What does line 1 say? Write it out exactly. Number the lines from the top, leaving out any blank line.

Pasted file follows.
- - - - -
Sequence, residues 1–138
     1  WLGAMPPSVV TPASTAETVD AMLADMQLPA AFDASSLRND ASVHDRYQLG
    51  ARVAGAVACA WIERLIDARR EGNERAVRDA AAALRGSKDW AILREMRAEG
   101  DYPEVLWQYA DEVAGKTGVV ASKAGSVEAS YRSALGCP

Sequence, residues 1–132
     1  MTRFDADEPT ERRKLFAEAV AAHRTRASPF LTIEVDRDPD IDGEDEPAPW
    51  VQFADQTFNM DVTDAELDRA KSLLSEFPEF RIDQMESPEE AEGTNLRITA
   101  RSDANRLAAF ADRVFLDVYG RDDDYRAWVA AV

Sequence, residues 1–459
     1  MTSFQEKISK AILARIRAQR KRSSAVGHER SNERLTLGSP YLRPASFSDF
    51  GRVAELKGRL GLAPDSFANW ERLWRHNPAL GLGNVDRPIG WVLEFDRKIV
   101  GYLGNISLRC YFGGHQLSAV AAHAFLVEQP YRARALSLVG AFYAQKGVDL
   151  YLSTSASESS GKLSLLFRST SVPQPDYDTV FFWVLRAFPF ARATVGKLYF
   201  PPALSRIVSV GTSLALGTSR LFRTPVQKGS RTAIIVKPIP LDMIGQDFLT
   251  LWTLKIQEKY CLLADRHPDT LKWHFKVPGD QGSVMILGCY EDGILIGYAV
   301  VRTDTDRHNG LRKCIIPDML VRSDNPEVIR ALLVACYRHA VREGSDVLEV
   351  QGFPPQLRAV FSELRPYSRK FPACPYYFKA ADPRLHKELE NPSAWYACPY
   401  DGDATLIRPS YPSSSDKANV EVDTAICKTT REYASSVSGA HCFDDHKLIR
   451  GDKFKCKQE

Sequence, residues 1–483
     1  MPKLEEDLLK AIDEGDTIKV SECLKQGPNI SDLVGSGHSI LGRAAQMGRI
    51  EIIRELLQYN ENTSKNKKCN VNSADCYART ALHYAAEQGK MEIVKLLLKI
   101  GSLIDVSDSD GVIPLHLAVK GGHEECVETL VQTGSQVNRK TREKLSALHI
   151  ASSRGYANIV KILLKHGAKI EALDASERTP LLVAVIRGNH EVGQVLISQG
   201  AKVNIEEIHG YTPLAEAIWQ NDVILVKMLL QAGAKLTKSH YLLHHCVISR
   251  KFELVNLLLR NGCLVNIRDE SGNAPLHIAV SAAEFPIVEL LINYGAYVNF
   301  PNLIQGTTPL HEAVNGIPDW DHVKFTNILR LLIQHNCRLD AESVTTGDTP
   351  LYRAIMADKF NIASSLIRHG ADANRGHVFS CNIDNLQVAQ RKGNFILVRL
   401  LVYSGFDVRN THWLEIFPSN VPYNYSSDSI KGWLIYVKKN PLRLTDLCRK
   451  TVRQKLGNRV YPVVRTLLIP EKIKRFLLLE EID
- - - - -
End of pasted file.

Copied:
Sequence, residues 1–138